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Golden OAK

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alcohol is an organic compound that carries at least one hydroxyl functional group (−OH) bound to a saturated carbon atom. The term alcohol originally referred to the primary alcohol ethanol (ethyl alcohol), which is used as a drug and is the main alcohol present in alcoholic beverages. An important class of alcohols, of which methanol and ethanol are the simplest members, includes all compounds for which the general formula is CnH2n+1OH. Simple monoalcohols that are the subject of this article include primary (RCH2OH), secondary (R2CHOH) and tertiary (R3COH) alcohols.
The suffix -ol appears in the IUPAC chemical name of all substances where the hydroxyl group is the functional group with the highest priority. When a higher priority group is present in the compound, the prefix hydroxy- is used in its IUPAC name. The suffix -ol in non-IUPAC names (such as paracetamol or cholesterol) also typically indicates that the substance is an alcohol. However, many substances that contain hydroxyl functional groups (particularly sugars, such as glucose and sucrose) have names which include neither the suffix -ol, nor the prefix hydroxy-.
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Description

alcohol is an organic compound that carries at least one hydroxyl functional group (−OH) bound to a saturated carbon atom. The term alcohol originally referred to the primary alcohol ethanol (ethyl alcohol), which is used as a drug and is the main alcohol present in alcoholic beverages. An important class of alcohols, of which methanol and ethanol are the simplest members, includes all compounds for which the general formula is CnH2n+1OH. Simple monoalcohols that are the subject of this article include primary (RCH2OH), secondary (R2CHOH) and tertiary (R3COH) alcohols.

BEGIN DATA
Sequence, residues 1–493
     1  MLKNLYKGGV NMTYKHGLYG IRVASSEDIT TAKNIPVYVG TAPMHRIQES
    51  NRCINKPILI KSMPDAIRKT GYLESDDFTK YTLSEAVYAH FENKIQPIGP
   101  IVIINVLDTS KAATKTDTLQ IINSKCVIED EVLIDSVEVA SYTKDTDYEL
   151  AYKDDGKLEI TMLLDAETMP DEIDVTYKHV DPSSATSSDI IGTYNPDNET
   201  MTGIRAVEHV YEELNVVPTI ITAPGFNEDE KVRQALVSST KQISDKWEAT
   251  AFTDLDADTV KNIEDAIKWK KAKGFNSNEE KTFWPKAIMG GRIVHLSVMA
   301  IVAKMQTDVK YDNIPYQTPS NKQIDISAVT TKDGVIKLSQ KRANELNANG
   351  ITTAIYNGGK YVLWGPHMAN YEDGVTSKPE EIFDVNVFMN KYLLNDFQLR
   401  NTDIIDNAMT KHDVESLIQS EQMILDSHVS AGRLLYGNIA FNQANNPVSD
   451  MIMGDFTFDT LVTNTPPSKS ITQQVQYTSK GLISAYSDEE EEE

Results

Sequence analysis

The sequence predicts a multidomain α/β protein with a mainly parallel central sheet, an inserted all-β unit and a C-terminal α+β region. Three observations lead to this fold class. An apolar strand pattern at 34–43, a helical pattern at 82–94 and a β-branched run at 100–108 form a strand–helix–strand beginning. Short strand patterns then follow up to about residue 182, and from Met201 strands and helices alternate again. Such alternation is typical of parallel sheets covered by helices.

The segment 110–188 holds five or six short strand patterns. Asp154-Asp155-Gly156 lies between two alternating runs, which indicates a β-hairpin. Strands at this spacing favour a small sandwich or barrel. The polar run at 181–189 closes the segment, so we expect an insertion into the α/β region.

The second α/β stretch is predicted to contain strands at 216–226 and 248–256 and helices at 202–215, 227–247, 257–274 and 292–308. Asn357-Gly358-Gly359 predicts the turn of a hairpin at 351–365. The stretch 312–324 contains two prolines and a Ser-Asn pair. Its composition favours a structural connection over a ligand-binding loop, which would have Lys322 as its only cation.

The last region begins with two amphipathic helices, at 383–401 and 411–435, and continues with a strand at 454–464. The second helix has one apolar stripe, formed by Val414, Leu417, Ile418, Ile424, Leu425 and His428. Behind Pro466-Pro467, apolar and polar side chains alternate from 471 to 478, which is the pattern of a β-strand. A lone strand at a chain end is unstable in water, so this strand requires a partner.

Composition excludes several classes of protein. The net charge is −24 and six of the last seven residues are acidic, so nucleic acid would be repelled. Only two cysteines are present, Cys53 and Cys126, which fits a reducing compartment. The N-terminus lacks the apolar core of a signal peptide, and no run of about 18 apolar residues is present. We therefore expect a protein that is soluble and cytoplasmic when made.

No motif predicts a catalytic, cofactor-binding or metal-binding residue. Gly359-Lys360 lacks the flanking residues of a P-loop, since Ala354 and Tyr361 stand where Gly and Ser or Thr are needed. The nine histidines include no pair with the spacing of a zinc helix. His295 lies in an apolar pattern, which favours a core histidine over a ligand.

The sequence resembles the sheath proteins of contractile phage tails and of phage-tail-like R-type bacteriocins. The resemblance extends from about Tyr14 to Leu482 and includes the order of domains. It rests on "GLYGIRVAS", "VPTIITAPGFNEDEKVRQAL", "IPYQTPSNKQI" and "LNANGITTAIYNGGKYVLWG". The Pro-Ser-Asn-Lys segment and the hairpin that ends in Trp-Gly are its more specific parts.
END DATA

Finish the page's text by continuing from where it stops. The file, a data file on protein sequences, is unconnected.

The suffix -ol appears in the IUPAC chemical name of all substances where the hydroxyl group is the functional group with the highest priority. When a higher priority group is present in the compound, the prefix hydroxy- is used in its IUPAC name. The suffix -ol in non-IUPAC names (such as paracetamol or cholesterol) also typically indicates that the substance is an alcohol. However, many substances that contain hydroxyl functional groups (particularly sugars, such as glucose and sucrose) have names which include neither the suffix -ol, nor the prefix hydroxy-.

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